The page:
Darwin Deez return to form with the infectious electro guitar funk of "Getaway"! Let the faithful rejoice!

Darwin Deez have always been a divisive act - the definition of a "love them" or "hate them" indie band. Some have compared them to a "lo-fi Strokes" or a "hipster cousin to Napoleon Dynamite." People put forward their self-titled debut would save indie rock, but the tide turned with 2015's Songs For Imaginative People. Much of the criticism revolves around Darwin Deez's idiosyncratic appearance, their somewhat limited sonic pallet, and a tendency for uneven albums.

The consensus has been, so far, Darwin Deez are a great singles band but have yet to deliver their definitive album statement. "Getaways" serves as a gateway drug, as the latest catchy, compelling single from their excellent new full-length 10 Songs That Happened When You Left Me With My Stupid Heart.



"Getaway" gets away from the slightly sappy, romantic tone of much of 10 Songs That Happened in favor of twitchy, funky guitars and a robotic 8-bit breakbeat. Deez's capering lyrics are reinforced with subtle sound effects - the sound of squealing tires and police scanners - that wouldn't sound out of place on an early Wu-Tang record.

These little flourishes are a reminder of Darwin Deez's greatness. They make you lean in and listen, at which point you might realize these guitars shred and the beats bang. "Getaway" is also not as escapist as it might seem at first bang. Darwin Deez uses a bank heist as a metaphor for stealing someone's heart. Not every emotional ballad has to be slow and ponderous.

Critics say "like a mid-2000s pop-punk band, but more mellow" as if that were a bad thing. Darwin Deez's intricacy and complicated arrangements, blended with slightly reedy vocals and literary lyrics, bring to mind the hyper-freneticism of bands like The Dismemberment Plan or The Blood Brothers. Both of those bands could've been much better, minus the histrionics. Darwin Deez also feature a bit of Father John Misty's slice-of-life diatribe, full of freewheeling casts of characters. Hopefully, the pump has been primed for a more sympathetic listening of Darwin Deez's idiosyncratic indie pop!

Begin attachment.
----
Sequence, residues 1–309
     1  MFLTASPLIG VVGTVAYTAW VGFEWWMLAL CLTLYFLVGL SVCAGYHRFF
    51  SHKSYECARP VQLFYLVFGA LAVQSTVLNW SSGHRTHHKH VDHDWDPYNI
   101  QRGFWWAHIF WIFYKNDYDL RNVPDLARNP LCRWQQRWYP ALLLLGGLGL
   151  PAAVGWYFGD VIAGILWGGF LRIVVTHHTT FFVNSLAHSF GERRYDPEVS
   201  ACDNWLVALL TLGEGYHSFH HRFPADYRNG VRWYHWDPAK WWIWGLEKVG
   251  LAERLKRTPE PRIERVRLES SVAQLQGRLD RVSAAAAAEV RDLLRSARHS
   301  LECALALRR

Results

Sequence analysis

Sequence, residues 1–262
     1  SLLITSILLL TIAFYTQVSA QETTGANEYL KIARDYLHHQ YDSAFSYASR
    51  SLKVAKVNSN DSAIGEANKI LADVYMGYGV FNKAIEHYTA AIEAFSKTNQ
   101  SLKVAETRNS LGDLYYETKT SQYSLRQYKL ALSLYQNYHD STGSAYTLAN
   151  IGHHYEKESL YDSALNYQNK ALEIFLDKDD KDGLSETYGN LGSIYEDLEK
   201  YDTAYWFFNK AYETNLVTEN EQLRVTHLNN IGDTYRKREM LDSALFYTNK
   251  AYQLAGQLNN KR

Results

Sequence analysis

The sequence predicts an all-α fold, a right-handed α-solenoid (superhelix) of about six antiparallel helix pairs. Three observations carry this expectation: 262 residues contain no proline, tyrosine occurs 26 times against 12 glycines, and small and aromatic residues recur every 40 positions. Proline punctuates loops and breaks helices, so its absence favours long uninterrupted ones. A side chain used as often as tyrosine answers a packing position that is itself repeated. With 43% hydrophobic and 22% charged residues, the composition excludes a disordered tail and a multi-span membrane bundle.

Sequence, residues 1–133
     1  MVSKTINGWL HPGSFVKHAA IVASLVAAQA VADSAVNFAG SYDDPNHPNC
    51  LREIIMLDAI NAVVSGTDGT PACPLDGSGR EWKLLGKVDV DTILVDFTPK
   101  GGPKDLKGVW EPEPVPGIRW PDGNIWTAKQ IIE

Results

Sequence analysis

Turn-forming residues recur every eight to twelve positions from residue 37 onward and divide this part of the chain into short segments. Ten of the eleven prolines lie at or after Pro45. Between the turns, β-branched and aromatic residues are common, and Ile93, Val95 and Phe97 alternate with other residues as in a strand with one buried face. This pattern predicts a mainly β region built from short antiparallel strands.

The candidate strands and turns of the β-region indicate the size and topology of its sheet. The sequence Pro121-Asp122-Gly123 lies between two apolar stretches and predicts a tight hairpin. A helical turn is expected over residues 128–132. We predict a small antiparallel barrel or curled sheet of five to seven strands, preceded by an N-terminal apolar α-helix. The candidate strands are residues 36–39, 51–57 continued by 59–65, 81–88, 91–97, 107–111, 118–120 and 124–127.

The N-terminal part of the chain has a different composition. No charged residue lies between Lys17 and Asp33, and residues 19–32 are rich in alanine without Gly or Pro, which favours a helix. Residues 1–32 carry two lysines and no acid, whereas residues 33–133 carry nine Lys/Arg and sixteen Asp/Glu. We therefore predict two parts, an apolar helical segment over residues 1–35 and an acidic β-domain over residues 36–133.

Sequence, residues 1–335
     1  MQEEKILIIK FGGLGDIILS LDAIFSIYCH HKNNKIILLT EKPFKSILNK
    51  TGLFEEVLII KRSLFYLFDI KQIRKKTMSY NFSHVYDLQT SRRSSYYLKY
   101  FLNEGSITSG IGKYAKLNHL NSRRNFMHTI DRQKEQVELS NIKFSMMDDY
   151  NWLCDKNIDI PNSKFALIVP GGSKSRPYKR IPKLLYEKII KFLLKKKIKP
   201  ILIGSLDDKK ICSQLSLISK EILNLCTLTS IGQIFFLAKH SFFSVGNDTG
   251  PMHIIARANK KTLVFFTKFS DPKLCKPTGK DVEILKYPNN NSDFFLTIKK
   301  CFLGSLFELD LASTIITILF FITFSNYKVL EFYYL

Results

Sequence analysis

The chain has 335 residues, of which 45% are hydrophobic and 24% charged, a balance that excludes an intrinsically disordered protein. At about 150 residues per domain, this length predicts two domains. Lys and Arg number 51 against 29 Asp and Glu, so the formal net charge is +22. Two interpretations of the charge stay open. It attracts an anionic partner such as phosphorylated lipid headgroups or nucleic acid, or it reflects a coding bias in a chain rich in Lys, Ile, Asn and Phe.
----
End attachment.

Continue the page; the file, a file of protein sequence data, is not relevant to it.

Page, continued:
We Are: The Guard surely hope so. These arrangements and thoughtful lyrics don't lie. He's one to keep an eye on. We sincerely hope this is a sign that perhaps emo, 2000s indie guitar rock, and artful electronics are coming together. Here's to a new golden age of guitar-centric indie rock! 


J. Simpson occupies the intersection between criticism, creativity, and academia. Based out of Portland, Or., he is the author of Forestpunk, an online journal/brand studying the traces of horror, supernatural, and the occult through music, fashion and culture. He plays in the dreamfolk band Meta-Pinnacle with his partner Lily H. Valentine, with whom he also co-founded Bitstar Productions, a visual arts collective focused on elevating Pop Culture to High Art.